Residual renal function (RRF) contributes significantly to the total solute clearance in peritoneal dialysis (PD) patients and is well recognized as an important factor influencing mortality, nutrition status and quality of life in chronic PD patients. However, an inevitable decline in RRF is observed with time on dialysis, and PD clearance is usually increased to compensate for the loss in RRF.

    RRF is an important predictor of outcome in peritoneal dialysis patients. Whether results from survival studies in dialysis patients with RRF can also be extrapolated to anuric patients remains uncertain. In this observational study, we examined the characteristics of PD patients with a residual glomerular filtration rate (GFR) 1 ml/min per 1.73 m2 vs those with complete anuria and differentiated factors that predict outcome in the two groups of patients.
    Two hundred and forty-six continuous ambulatory peritoneal dialysis (CAPD) patients (39% being completely anuric) were recruited from a single regional dialysis centre. Assessments of haemodynamic, echocardiographic, nutritional and biochemical parameters and indices of dialysis adequacy were done at study baseline and were related to outcomes.
    During the prospective follow-up of 30.8±13.8 (mean±SD) months, 28.0% of patients with residual GFR 1 ml/min per 1.73 m2 vs 50.5% of anuric patients had died (P = 0.005). The overall 2 year patient survival was 89.7 and 65.0% for patients with GFR 1 ml/min per 1.73 m2 and anuric patients, respectively (P = 0.0012). Compared with patients with GFR 1 ml/min per 1.73 m2, anuric patients were dialysed for longer (P<0.001), were more anaemic (P<0.005), and had higher calcium–phosphorus product (P<0.01), higher C-reactive protein (P<0.001), lower serum albumin (P<0.05), greater prevalence of malnutrition according to subjective global assessment (P<0.05) and more severe cardiac hypertrophy (P<0.001) at baseline. Using multivariable Cox regression analysis, serum albumin, left ventricular mass index and residual GFR were significant factors associated with mortality in patients with GFR 1 ml/min per 1.73 m2, while increasing age, atherosclerotic vascular disease and higher C-reactive protein were associated with greater mortality in anuric PD patients.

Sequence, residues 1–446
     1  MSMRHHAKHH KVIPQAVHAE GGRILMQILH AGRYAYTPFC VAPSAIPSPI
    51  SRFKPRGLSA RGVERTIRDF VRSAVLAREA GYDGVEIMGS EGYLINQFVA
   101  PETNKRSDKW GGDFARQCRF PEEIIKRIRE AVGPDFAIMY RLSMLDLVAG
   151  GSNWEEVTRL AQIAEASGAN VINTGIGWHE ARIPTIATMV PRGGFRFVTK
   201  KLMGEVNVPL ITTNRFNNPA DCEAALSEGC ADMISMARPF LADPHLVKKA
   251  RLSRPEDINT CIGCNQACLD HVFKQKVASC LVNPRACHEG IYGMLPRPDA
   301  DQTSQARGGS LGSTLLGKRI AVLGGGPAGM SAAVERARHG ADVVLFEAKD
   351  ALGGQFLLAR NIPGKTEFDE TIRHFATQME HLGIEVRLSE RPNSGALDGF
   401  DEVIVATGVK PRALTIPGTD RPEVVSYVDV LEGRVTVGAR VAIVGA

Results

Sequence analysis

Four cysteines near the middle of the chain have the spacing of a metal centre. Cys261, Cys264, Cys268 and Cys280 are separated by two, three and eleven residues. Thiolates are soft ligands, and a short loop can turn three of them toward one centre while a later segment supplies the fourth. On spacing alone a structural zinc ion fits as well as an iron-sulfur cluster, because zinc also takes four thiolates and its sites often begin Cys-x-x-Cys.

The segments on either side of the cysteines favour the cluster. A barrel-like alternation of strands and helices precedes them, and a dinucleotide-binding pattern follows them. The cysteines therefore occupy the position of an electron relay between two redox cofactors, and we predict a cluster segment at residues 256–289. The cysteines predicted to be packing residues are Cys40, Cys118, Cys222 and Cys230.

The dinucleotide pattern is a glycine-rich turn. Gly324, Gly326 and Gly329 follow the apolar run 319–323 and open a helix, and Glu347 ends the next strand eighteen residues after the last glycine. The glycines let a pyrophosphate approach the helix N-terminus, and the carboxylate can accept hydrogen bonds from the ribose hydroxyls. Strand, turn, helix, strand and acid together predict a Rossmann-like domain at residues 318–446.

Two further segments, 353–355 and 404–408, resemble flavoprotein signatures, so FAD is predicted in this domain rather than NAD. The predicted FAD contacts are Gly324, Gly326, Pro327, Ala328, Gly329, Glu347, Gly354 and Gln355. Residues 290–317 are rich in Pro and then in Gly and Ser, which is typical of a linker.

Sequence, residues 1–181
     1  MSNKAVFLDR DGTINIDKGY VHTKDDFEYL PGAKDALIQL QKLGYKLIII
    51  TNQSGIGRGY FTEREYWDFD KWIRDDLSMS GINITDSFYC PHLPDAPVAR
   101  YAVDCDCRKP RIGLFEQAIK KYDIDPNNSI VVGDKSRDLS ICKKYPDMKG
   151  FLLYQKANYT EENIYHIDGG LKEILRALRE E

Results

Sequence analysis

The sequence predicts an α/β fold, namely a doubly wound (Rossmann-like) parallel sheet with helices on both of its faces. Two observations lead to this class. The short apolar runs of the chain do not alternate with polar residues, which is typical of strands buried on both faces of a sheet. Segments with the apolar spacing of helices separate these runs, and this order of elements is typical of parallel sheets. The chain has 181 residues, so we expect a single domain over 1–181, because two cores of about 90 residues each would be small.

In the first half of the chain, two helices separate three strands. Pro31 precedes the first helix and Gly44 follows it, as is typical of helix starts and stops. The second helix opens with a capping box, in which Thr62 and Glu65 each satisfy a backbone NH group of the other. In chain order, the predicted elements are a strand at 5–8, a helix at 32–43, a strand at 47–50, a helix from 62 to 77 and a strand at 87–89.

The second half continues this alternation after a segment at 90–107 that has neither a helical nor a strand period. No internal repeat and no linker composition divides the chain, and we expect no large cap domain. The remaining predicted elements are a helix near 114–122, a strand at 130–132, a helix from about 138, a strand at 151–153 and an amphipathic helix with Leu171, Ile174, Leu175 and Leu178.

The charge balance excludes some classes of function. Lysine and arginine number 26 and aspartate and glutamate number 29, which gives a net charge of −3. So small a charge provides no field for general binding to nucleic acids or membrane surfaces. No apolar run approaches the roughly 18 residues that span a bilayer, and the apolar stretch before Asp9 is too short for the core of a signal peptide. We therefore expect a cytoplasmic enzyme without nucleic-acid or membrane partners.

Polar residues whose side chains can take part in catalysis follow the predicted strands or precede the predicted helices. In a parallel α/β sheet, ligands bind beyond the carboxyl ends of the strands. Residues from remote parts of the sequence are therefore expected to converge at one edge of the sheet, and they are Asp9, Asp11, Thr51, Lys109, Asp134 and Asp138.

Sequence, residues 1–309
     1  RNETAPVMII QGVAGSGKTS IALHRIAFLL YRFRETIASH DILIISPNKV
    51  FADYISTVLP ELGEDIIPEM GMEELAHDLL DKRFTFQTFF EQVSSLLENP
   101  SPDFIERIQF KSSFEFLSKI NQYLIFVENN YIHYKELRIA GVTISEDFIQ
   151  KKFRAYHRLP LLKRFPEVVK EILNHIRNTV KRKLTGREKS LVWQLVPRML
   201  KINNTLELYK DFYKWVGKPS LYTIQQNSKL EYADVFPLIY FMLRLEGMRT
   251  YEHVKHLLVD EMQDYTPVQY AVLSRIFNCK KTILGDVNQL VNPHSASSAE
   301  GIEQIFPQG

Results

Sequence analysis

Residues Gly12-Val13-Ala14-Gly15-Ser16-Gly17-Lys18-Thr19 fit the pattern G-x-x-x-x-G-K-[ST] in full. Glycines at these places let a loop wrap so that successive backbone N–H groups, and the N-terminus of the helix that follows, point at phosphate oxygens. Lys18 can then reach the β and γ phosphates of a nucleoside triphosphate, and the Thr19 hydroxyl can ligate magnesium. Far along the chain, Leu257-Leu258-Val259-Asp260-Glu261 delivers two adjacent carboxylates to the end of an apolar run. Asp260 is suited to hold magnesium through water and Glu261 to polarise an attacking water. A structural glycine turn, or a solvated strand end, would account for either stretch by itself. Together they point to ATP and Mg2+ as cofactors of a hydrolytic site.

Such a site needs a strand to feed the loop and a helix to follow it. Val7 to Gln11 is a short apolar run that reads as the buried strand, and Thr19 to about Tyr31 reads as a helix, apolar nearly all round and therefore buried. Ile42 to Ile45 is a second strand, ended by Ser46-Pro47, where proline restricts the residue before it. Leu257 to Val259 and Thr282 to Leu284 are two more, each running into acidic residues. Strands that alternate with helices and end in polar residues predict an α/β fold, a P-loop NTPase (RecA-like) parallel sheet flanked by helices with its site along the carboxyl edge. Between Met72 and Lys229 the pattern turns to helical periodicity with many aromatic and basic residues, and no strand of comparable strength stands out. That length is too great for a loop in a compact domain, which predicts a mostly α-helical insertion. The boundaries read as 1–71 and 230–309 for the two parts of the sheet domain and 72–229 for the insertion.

Our study demonstrates more adverse cardiovascular, inflammatory, nutritional and metabolic profiles as well as higher mortality in anuric PD patients. Furthermore, factors associated with mortality are also not equivalent for PD patients with and without RRF, suggesting that patients with and without RRF are qualitatively different.
    1. Rocco M, Soucie JM, Pastan S, McClellan WM. Peritoneal dialysis adequacy and risk of death. Kidney Int 2000; 58: 446–457
    2. Wang AY, Sea MM, Ip R et al. Independent effects of residual renal function and dialysis adequacy on actual dietary protein, calorie and other nutrients intake in patients on continuous ambulatory peritoneal dialysis. J Am Soc Nephrol 2001; 12: 2450–2457
    3. Bargman JM, Thorpe KE, Churchill DN, for the CANUSA Peritoneal Dialysis Study Group. Relative contribution of residual renal function and peritoneal clearance to adequacy of dialysis: a reanalysis of the CANUSA study. J Am Soc Nephrol 2001; 12: 2158–2162
    .Paniagua R, Amato D, Voneshi E et al. for the Mexican Collaborative Study Group. Effects of increased peritoneal clearances on mortality rates in peritoneal dialysis: ADEMEX, a prospective, randomized, controlled trial. J Am Soc Nephrol 2002; 13: 1307–1320
    Szeto CC, Wong TY, Chow KM et al. Impact of dialysis adequacy on the mortality and morbidity of anuric Chinese patients receiving continuous ambulatory peritoneal dialysis. J Am Soc Nephrol 2001; 12: 355–360
    Bhaskaran S, Schaubel DE, Jassal SV et al. The effect of small solute clearance on survival of anuric peritoneal dialysis patients. Perit Dial Int 2000; 20: 181–187
    7. Lo WK, Ho YW, Li CS et al. Effect of Kt/V on survival and clinical outcome in CAPD patients in a randomized prospective study. Kidney Int 2003; 64: 649–656
    8.Wang AY, Woo J, Lam CK et al. Is a single time-point C-reactive protein predictive of outcome in peritoneal dialysis patients? J Am Soc Nephrol 2003; 14: 1871–1879